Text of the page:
"My fav toon from Usher is "You Remind Me" when I first heard it I knew then this guy was special" (DX9)
No Limit proves Usher's been listening closely to the radio the past few months, ditching his vibrato'd R&B vocals and delivering his best sung-rap Drake impression before dipping into Ty Dolla $ign-soundalike vocal effects on the chorus.
DX9 told me, I just "Stumbled" upon Usher's vocals, as producers do, LOL, when I played it back I immediately went into the lab and made a beat to the vibe I was getting. Now this might sound strange but I had never heard the original complete song before. After I finished the Remix, I went on Youtube and had a listen. I am sooo happy of the outcome. The beat and vibe is totally different from the original. The video inspired me to Remix the Video as well, and the rest, as they say, is becoming History.
(parts are quotes taken from Maeve McDermott, USATODAY)
It’s not just music that owes a debt to Prince Buster, it’s all of popular culture, says the founder of the Specials"Jerry Dammers" It seems that we have very sadly lost yet another from a time when musical giants walked the earth. Possibly because he was part of a postwar, post-colonial social revolution, Prince Buster seems like some sort of ghetto supe- pioneer: a boxer, soundsystem operator, DJ, producer, live performer, humourist , social and political commentator, owner of a record shop-label-and-jukebox empire, sharp dresser and all round coolest guy in Kingston, and therefore Jamaica, (and therefore quite possibly the world at the time).
All his activities complemented and were complemented by the main event, which was his completely unique and inimitable voice, delivery and lyrics. He pronounced himself Prince, the Voice of the People, and made sure he lived up to his claims by being the best. Just as he apparently made sure he would win every boxing match, he made damn sure he only used the cream of Jamaican musicians, on the hottest and hardest rhythms for his backing tracks and productions.
When the time eventually came that he could no longer achieve that, I admire the fact that he largely quit the studio: nothing less than the best was ever going to be good enough for Prince Buster, and that ensured that his incredible output remains undiluted and in tact to this day. He continued with the occasional live appearance, some of which I saw and which were always of the highest possible standard.
I was lucky enough to travel with him to one gig and he really exuded the true meaning of cool ( a word which has become greatly abused now). It didn’t matter what craziness, idiots, moaning or whatever went on around him (as inevitably happens with a legend like him on the road): he remained so completely unphased and calm – courteous but saying not a single word more than was necessary to anyone. It was funny to watch.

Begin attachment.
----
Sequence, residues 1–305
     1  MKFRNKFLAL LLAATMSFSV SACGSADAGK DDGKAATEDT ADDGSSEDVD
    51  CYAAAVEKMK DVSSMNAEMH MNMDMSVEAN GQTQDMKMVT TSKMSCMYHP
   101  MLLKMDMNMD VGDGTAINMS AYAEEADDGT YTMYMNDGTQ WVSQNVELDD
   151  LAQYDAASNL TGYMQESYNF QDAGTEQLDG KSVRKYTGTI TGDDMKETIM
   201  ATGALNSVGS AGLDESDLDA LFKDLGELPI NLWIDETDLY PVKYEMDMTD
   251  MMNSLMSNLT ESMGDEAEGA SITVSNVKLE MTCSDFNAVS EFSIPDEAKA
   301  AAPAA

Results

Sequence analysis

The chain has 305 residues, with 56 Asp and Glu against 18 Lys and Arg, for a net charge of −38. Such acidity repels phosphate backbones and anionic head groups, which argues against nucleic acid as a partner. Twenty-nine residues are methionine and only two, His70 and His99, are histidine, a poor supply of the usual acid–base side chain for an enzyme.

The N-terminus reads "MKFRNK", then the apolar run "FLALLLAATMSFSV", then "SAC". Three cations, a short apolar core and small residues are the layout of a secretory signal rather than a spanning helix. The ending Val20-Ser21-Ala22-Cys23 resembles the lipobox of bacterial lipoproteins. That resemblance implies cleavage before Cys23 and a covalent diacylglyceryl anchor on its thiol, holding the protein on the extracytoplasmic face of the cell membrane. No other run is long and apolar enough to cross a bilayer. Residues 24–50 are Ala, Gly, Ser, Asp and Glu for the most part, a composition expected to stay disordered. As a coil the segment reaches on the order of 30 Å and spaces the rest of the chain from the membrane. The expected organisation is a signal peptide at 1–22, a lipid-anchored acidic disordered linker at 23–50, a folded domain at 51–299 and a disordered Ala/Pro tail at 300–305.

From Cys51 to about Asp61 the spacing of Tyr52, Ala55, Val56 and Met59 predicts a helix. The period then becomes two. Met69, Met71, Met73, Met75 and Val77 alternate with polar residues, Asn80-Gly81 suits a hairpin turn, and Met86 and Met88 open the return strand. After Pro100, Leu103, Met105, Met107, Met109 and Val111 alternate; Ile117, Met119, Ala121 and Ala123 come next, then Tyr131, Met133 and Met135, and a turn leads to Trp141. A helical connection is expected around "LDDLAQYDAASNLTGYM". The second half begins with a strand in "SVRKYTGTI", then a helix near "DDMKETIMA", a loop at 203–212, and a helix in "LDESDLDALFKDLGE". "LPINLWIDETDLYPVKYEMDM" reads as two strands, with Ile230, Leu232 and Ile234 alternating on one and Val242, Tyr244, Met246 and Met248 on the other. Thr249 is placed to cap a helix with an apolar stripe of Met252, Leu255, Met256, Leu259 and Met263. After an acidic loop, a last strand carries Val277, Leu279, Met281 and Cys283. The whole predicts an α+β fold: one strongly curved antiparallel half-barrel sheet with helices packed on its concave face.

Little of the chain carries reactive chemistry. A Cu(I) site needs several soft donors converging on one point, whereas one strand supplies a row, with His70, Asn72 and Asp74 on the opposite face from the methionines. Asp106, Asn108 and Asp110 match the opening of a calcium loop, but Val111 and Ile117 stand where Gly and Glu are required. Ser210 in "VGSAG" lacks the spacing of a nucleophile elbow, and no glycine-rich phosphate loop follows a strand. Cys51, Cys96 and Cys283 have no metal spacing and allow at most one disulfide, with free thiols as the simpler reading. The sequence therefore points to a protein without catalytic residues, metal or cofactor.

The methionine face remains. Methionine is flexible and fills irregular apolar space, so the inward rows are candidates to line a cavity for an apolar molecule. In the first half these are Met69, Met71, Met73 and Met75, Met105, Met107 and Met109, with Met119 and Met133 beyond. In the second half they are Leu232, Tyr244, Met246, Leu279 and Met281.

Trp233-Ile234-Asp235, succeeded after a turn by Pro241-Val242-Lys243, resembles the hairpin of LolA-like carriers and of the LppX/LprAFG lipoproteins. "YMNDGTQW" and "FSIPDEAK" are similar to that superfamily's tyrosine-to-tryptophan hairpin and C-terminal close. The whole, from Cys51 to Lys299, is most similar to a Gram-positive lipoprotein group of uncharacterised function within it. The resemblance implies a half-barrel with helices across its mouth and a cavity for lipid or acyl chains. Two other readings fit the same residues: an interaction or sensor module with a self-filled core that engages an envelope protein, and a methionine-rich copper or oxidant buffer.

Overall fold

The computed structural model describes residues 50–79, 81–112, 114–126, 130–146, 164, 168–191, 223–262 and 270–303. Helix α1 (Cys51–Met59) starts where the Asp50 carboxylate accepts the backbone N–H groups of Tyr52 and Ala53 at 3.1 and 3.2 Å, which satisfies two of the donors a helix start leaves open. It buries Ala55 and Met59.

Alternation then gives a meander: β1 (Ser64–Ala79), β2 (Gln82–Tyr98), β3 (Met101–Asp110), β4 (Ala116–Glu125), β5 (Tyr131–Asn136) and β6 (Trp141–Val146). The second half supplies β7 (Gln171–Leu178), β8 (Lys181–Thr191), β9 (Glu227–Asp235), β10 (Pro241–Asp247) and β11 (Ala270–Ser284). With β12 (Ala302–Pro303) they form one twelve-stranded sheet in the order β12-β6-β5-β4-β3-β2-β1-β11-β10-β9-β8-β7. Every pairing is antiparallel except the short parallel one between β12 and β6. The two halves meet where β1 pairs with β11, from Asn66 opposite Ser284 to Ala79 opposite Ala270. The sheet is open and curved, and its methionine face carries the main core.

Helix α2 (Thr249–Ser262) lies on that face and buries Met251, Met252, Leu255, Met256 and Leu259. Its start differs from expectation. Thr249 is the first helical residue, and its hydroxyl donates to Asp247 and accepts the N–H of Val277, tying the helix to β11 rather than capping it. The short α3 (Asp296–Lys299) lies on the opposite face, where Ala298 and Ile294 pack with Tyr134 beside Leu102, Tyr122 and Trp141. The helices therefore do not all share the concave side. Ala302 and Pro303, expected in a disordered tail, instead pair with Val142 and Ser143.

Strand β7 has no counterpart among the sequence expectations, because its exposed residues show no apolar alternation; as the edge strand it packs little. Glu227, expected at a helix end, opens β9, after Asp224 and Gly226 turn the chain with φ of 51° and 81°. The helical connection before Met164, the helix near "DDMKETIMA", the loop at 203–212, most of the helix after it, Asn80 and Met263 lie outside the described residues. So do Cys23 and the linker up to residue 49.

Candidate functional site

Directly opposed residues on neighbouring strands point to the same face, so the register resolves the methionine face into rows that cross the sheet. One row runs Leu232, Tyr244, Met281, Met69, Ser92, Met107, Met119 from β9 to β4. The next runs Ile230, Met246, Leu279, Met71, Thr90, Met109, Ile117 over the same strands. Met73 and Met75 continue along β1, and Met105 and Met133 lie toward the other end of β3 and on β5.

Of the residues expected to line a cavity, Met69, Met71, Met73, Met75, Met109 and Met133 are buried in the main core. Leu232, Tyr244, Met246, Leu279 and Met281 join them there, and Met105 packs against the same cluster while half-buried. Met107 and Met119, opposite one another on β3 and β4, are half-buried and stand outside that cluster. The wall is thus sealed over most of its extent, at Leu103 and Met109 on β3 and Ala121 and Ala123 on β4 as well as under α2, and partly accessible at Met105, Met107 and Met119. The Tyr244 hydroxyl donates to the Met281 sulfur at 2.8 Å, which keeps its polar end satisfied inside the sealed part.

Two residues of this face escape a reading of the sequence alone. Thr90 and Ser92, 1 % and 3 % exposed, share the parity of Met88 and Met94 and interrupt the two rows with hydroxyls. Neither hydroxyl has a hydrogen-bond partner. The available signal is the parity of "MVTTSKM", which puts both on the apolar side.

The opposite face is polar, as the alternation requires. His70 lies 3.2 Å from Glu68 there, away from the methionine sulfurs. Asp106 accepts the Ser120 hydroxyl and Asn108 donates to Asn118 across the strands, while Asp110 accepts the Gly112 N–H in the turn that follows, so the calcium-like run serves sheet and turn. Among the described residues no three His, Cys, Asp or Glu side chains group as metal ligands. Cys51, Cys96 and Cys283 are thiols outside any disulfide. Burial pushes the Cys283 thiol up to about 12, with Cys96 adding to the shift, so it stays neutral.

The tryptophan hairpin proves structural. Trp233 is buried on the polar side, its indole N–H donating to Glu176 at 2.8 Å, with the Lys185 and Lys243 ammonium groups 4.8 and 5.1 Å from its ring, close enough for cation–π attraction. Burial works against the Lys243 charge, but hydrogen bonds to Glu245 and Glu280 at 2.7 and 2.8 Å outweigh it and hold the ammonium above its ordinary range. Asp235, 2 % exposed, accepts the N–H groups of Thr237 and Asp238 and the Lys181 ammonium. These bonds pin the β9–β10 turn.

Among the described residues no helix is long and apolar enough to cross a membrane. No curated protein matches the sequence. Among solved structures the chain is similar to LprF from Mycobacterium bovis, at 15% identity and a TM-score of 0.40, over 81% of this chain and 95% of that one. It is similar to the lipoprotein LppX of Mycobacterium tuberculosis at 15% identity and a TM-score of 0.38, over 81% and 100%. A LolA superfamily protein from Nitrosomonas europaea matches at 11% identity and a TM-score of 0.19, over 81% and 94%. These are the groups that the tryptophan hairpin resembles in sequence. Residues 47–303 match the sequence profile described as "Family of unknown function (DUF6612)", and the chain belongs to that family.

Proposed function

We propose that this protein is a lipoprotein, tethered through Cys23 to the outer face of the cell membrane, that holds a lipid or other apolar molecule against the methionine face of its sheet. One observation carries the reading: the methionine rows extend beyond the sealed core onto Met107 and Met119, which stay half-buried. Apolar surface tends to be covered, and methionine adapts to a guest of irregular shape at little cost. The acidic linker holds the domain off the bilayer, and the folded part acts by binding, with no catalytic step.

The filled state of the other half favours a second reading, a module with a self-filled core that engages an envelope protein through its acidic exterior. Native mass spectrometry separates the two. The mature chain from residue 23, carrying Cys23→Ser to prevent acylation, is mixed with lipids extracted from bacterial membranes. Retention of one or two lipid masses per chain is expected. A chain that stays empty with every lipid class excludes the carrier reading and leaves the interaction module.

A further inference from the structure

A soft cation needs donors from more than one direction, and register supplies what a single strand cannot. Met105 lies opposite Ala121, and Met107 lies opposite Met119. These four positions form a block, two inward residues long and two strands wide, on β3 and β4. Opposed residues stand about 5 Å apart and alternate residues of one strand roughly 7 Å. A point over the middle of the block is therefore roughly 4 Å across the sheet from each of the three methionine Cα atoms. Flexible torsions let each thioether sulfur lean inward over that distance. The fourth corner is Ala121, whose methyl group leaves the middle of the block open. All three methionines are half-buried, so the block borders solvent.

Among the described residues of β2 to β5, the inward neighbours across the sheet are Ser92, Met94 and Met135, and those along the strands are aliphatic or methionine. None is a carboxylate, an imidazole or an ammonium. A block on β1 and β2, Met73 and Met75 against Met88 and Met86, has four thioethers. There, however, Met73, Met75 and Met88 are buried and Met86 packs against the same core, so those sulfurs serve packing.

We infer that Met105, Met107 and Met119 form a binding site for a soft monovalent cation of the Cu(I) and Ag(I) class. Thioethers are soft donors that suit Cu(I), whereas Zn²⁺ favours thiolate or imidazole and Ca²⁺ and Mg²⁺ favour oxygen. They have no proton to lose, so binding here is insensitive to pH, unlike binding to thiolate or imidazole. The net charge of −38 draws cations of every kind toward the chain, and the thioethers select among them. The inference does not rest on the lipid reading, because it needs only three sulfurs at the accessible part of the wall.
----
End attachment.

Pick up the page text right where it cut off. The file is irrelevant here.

Prince Buster really was nobody’s fool and had a brilliant sense of humour. That ghetto humour was at the heart of a lot of his lyrics and a huge part of his popularity in Jamaica. It could be brutal, as could the ghetto morality that went hand in hand with it in his lyrics. One example which I like is his intro to Rude Rude Rudee, a version of the Cuban tune Perhaps, where he more or less issues an order: “You say you are a rude boy … but you live in a glass house … so don’t throw stone!!!”
On the stage when THAT voice was given free rein, it remained completely unspoiled – like his legacy – and came out exactly the same as ever. It really was the cliché of hairs on the back of the neck. He had always mixed singing and speaking so seamlessly and tunefully that at times it is almost impossible to say which of those two things he is doing. You would be very hard pressed to find anyone who has ever mixed those two things together better.
I don’t suppose Prince Buster ever made an enormous amount of money himself , but I truly believe he turned out to be among the most influential figures in late 20th century music worldwide. Myself and all the Two Tone bands owe him an enormous debt of gratitude. None of us would have had the career in music we have had if it hadn’t been for Prince Buster and his fellow Jamaican musicians.He was the first real ambassador of Jamaican music worldwide, he was a voice of the third world – luckily for us, speaking in English, and that made him accessible to anyone in the rest of the world who spoke English and was willing to listen. At first he was picked up in this country largely by working-class kids who could probably relate to the subject matter. Initially ska and reggae was mainly ignored or ridiculed by the mainstream and rock critics – maybe that was partly because Prince Buster was at the forefront of Jamaican lyricists, blatantly and unashamedly covering subject matter that was more or less unheard of in either Europe or America. From ghetto violence and crime, to sex (in detail), from black power and black pride, to commenting on social injustice and poverty, from advocating freedom from colonialism and solidarity with Africa, to other important matters like ridiculing his musical rivals or consigning them to the boneyard, or describing the music on his own record itself and how good that was – nothing was off limits. In that way lyrically he influenced hip-hop and a lot that was to follow the world over.
Buster and some of his Jamaican peers were liberating the sort of real language and subject matter years before it would eventually become commonplace not just in music, but in mainstream TV drama and comedy. Stylistically , the very idea of reciting over an instrumental backing track, which Buster was a pioneer of, became the basis of hip-hop years later when the Jamaican DJ Cool Herc introduced it to the Bronx. From hip-hop to grime to dancehall to reggae,there can be very little which hasn’t been influenced to some extent by Prince Buster and his combination of singing and talking over rhythms.
Buster was really the first king of Jamaican music and started an international process which, with the help of its second king, made reggae probably the most popular music in the world, only to be eventually surpassed in popularity by hip-hop, a form which it had itself helped create.
In the words of Madness: “Bring back the … we want the … bring back the Prince”.
This is an edited version of a tribute to Prince Buster issued by Jerry Dammers on 9 September.